What Causes Toothache?

Toothache is caused when the soft pulp (containing the artery, vein and nerve) in the centre of your tooth becomes infected, or traumatised by an injury. The resultant swelling has nowhere to go, unlike in other parts of your body, as it’s encased in extremely hard enamel. The result is excruciating toothache.



The resultant swelling of the gums and heat are indications that your body’s immune system has kicked into high gear. The obvious thing to do would be to make a dentist appointment immediately. If the pain is severe, you might consider calling in all favours, and getting an emergency appointment.

Until you see the dentist, however, you need to alleviate the pain as much as possible. There are a number of temporary measures that you can take to help you deal with the pain.


OTC Painkillers and Anaesthetic Gels:

Any over the counter medication that contains aspirin, paracetamol or ibuprofen should help to alleviate the pain temporarily. Don’t let the painkiller come into contact with your gums as this can cause severe irritation. Be careful to use only as directed by the packaging. There are good anaesthetic gels available which, when rubbed over the gums of the infected area, will ease the pain for a few hours.

Salt Water and Hydrogen Peroxide

Half a teaspoon of salt in a glass of water or a 3% solution of hydrogen peroxide, swilled in the mouth for a few minutes will help you deal with toothache. Both are effective cleansers and germ fighters. Don’t swallow the solution but make sure to spit it out. The pain might be caused by a piece of food stuck under your gum line. Carefully and gently try and floss around the sore tooth to dislodge any debris. Rinse again with the solution.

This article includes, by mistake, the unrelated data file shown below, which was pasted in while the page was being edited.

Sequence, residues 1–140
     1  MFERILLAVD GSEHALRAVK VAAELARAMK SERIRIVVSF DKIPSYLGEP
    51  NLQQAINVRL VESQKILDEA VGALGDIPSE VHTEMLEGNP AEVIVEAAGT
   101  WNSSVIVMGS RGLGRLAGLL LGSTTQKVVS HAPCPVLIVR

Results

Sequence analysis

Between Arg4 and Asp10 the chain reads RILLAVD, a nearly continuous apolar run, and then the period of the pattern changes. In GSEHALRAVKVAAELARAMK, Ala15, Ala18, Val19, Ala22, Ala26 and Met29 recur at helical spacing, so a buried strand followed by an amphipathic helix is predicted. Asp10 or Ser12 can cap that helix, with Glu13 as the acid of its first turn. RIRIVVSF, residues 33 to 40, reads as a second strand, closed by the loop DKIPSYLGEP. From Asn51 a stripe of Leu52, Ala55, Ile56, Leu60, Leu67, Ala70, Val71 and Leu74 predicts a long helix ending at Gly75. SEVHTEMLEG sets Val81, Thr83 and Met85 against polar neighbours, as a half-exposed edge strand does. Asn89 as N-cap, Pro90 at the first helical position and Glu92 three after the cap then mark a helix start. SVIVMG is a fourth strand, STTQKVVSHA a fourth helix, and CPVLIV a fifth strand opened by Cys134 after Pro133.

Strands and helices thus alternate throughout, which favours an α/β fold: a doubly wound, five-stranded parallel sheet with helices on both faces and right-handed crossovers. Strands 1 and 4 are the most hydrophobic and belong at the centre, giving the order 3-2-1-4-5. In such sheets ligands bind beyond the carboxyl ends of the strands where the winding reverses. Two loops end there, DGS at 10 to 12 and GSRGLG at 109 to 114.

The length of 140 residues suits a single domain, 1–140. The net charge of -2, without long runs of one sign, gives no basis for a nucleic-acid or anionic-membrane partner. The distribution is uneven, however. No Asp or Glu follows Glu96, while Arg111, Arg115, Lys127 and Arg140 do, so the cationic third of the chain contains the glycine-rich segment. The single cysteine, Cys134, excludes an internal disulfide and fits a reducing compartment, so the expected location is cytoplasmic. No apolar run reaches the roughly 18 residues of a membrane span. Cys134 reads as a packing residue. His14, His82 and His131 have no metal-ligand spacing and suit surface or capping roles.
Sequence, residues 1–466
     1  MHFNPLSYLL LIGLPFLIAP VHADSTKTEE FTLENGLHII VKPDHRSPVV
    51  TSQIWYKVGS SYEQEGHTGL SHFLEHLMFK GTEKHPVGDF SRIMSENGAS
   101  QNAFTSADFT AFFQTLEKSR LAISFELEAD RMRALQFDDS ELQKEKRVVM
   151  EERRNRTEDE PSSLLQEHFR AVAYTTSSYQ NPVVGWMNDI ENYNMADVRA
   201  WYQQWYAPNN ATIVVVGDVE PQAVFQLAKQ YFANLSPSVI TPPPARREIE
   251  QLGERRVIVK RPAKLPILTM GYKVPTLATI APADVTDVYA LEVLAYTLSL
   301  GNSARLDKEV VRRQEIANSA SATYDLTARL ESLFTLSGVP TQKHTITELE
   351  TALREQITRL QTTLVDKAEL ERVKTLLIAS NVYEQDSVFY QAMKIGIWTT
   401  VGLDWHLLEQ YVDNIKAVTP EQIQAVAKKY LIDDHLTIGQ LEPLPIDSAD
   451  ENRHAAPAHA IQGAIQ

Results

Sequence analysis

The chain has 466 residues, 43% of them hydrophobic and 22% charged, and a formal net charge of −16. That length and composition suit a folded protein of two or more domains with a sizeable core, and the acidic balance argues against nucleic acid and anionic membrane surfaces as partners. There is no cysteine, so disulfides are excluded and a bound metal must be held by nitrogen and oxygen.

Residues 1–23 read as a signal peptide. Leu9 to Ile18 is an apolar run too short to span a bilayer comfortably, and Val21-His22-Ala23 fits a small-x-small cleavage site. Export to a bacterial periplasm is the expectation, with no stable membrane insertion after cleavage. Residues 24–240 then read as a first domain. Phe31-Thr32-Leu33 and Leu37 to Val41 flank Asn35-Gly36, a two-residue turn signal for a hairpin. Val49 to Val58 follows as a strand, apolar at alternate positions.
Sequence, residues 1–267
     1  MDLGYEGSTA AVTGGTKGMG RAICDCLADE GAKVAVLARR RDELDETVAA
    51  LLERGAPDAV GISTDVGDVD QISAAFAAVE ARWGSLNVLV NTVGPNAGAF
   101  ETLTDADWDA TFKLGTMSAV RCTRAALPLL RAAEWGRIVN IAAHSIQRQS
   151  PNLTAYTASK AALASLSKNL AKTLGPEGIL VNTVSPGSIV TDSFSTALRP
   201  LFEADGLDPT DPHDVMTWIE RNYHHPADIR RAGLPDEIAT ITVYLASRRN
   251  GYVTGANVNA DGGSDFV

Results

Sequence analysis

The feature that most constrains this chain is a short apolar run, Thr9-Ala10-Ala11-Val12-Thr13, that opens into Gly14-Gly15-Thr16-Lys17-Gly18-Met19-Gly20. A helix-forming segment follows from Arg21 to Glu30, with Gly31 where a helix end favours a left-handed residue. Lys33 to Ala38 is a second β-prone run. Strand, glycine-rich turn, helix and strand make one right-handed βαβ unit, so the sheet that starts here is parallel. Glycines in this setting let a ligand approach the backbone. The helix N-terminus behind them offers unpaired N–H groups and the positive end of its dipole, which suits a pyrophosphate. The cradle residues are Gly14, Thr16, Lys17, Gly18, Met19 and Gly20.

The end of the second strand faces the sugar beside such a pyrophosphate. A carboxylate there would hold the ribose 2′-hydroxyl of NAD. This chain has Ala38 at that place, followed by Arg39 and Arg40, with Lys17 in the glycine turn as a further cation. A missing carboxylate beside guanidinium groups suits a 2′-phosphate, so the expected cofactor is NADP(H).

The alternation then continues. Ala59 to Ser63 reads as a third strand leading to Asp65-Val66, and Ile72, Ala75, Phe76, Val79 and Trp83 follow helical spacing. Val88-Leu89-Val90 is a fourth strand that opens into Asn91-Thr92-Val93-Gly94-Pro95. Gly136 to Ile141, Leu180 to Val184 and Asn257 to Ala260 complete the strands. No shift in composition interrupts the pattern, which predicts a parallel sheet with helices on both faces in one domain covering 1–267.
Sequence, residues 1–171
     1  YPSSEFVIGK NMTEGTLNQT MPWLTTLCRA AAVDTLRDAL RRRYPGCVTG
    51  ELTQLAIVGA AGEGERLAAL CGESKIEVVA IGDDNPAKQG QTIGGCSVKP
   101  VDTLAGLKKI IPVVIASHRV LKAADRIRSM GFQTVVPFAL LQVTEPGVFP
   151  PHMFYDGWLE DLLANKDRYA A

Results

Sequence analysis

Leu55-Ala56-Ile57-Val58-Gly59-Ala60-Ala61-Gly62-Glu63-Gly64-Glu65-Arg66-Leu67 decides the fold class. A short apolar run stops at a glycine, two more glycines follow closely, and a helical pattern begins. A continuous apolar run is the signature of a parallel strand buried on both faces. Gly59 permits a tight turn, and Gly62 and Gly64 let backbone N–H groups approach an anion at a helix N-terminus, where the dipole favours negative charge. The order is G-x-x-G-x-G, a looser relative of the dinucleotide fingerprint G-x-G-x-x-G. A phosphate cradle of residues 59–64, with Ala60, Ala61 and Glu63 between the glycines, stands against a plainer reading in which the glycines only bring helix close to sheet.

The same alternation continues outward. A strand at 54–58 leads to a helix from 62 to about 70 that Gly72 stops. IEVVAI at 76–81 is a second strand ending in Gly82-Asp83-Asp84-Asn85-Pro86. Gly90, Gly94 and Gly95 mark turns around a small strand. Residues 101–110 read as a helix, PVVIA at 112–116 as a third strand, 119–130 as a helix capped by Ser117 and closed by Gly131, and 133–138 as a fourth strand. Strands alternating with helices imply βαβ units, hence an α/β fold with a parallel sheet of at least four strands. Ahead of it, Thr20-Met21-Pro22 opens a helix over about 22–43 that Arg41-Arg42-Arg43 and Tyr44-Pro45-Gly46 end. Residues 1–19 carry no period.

The inflammation and swelling associated with toothache will respond favourably to a cold compress. Use a bag of ice or frozen vegetables, wrap the bag in a towel, and apply it to your cheek over the painful area. Don’t let the ice directly touch the tooth as infected teeth are very sensitive to heat and cold.

Clove Oil

A time-honoured remedy used for many thousands of years is clove oil. Studies published in the Journal of Dentistry in 2006 found that clove oil was as effective in alleviating pain as benzocaine which is found in most commercially produced anaesthetic gels. The clove oil contains eugenol, which has the same properties as the gels, and helps to deaden the pain.

Elevate your Head

If you have to go through the night before you see your dentist, make sure to keep your head elevated. If your head is at the same level as your heart, gravity will increase the blood supply to the affected area, and will thereby increase the swelling and pain.

Excruciating toothache is never pleasant and if you happen to be in a situation where you are not able to see a dentist immediately, the tips suggested above will help you deal with the toothache until you can get emergency help from your dentist.

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